On Saturday night in Kreuzberg, a packed Prince Charles had punters dancing on the bar, even before midnight. But the ardor wasn’t from a pumping bassline or a thrashing hi-hat. In fact, there were no records spinning at all. Instead, Leroy Burgess and his live band had just started playing his 1983 boogie classic, “Heartbreaker.”

It would have been excusable to forget the scene took place in Europe’s techno capital and not New York City.

It was Burgess’ first performance in Berlin and he was visibly energized. The crowd knew that because he’d mentioned it multiple times already — not including those at the solo performance earlier in the week at Carhartt’s flagship store.

As the crowd crooned the chorus, 64-year-old Burgess pushed hard and harder. The boogie pioneer, who began his career in the advent of the disco revolution with Black Ivory, kept the feverous sing-along fuelled from the first track. While Burgess’ performance wasn’t lacking in energy, it was his vocal strength and sharpness that proved remarkable. Erupting tracks like “You’ve Got That Something,” were a welcome reminder of Burgess’ slow-burning production prowess.

The show, presented by J.A.W. — the Paris-born, Berlin-based promoter crew — was the last in a line of supreme bookings, which included jazz pioneer Pharoah Sanders a week earlier.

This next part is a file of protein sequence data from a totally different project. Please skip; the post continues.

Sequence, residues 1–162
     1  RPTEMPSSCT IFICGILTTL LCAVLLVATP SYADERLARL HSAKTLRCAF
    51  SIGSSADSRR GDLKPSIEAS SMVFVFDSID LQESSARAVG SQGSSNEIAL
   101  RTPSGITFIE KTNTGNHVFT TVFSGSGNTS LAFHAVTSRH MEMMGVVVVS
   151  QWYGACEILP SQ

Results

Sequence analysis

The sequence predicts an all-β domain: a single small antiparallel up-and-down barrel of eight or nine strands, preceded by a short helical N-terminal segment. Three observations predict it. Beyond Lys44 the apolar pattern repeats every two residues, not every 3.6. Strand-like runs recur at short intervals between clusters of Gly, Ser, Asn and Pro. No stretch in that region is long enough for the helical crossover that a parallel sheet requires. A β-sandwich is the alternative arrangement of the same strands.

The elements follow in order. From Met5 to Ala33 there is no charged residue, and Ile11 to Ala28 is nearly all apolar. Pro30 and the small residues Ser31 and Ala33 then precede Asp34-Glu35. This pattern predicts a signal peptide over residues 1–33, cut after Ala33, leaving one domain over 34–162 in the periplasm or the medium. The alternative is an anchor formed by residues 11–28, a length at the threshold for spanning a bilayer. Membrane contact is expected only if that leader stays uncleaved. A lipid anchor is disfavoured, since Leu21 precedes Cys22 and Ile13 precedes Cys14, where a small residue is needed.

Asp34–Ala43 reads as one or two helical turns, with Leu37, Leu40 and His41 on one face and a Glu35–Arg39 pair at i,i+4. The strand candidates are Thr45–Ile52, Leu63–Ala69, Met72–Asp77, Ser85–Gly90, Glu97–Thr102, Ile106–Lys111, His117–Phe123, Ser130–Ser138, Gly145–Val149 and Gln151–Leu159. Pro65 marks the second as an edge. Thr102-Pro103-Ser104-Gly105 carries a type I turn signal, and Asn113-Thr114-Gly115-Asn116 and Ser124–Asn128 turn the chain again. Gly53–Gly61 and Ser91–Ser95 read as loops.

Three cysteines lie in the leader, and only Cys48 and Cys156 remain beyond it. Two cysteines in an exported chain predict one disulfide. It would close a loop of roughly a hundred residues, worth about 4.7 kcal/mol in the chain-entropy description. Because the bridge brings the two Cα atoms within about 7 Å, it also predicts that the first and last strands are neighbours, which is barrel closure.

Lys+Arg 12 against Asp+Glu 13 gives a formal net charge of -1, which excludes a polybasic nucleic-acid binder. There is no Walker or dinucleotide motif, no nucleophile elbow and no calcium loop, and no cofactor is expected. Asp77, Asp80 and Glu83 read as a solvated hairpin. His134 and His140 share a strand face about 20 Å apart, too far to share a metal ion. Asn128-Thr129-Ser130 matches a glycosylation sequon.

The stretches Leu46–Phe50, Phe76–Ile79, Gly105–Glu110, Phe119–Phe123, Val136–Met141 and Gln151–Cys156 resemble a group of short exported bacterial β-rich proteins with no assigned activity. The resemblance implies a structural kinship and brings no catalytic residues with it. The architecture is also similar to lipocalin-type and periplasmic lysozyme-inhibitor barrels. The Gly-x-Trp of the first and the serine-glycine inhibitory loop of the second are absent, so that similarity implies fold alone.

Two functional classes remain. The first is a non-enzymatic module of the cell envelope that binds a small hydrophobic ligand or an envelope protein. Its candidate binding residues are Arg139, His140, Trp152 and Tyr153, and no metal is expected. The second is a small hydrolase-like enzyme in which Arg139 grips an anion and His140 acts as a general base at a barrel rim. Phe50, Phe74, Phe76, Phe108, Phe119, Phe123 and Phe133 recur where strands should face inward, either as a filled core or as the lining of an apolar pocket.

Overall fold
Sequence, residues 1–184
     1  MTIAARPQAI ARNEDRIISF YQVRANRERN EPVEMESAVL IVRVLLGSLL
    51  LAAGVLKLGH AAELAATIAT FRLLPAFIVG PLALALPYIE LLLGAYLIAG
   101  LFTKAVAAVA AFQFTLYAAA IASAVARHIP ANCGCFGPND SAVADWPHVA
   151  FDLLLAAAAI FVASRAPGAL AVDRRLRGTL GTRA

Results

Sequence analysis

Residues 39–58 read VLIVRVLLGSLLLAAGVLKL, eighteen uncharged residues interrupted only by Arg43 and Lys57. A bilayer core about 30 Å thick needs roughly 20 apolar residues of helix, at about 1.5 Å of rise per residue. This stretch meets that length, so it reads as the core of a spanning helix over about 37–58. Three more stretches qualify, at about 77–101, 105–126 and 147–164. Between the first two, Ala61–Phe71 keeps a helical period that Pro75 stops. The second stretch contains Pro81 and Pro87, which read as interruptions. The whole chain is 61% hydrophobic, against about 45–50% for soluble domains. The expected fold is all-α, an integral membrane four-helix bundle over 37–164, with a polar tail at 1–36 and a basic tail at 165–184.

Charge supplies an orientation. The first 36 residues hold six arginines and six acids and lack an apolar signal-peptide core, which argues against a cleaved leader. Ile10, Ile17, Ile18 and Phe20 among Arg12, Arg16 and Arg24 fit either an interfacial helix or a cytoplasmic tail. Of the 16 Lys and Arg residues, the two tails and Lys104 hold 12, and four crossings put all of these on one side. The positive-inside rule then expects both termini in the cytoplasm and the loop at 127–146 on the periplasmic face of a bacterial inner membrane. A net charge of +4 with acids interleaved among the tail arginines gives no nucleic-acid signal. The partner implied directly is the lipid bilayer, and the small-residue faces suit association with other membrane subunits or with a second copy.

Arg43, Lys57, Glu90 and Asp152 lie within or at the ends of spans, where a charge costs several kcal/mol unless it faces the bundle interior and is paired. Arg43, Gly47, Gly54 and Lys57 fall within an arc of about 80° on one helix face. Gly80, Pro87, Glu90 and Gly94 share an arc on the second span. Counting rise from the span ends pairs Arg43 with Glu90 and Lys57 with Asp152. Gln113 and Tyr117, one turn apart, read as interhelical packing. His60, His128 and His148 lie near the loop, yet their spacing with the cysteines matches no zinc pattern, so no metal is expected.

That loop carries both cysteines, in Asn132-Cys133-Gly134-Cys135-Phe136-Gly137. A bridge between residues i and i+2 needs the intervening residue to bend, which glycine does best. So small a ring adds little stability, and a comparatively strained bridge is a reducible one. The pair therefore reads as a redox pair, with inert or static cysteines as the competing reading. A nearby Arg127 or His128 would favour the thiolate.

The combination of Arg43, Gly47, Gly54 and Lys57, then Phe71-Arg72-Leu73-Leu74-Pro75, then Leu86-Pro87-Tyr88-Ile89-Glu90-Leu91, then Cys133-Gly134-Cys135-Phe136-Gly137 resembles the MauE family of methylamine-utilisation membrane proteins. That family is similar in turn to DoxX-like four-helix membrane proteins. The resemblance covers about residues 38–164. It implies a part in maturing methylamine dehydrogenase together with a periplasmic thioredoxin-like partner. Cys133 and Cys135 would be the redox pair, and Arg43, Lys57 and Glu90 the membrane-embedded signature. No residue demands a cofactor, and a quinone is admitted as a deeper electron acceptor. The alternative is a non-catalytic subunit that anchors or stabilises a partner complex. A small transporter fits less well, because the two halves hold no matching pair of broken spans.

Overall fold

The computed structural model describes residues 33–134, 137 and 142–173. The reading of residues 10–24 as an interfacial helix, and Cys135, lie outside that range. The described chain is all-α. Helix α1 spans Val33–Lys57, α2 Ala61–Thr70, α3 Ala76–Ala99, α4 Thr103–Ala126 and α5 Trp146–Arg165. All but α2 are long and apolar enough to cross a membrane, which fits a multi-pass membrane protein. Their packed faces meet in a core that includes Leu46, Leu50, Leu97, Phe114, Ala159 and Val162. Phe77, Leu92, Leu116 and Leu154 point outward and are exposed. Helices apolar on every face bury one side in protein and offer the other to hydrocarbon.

Not unlike the previous show, the support was strong enough the fill the venue in itself. While the prior saw Rabih Beaini on support, this time J.A.W. invited Stuttgart selector Motor City Drum Ensemble to soundtrack the evening’s warm-up. He played a set of Burgess classics and a range of other disco staples, to a full dancefloor. Tracks like Convertion’s “Let’s Do It,” that had the crowd shouting and whistling before Burgess even touched the stage.

In Berlin, a city that’s known for its persistent, blossoming techno scene, other avenues like disco and boogie are afforded the room to breathe. That means even some of the biggest gigs on the calendar — like Burgess’ Berlin debut after 40 years — manage to almost miss the radar.

Photographs by Malte Seidel

Earlier in the week, when I’d gone to the free-beer-sponsored solo show at Carhartt, people were milling about as if not entirely convinced of the New Yorker’s musical credentials.

That attitude changed Saturday. By the end of the performance, which concluded with a raucous applause, Burgess’ grey, two-toned suit lapel had turned a much darker, sweat-stained ensemble.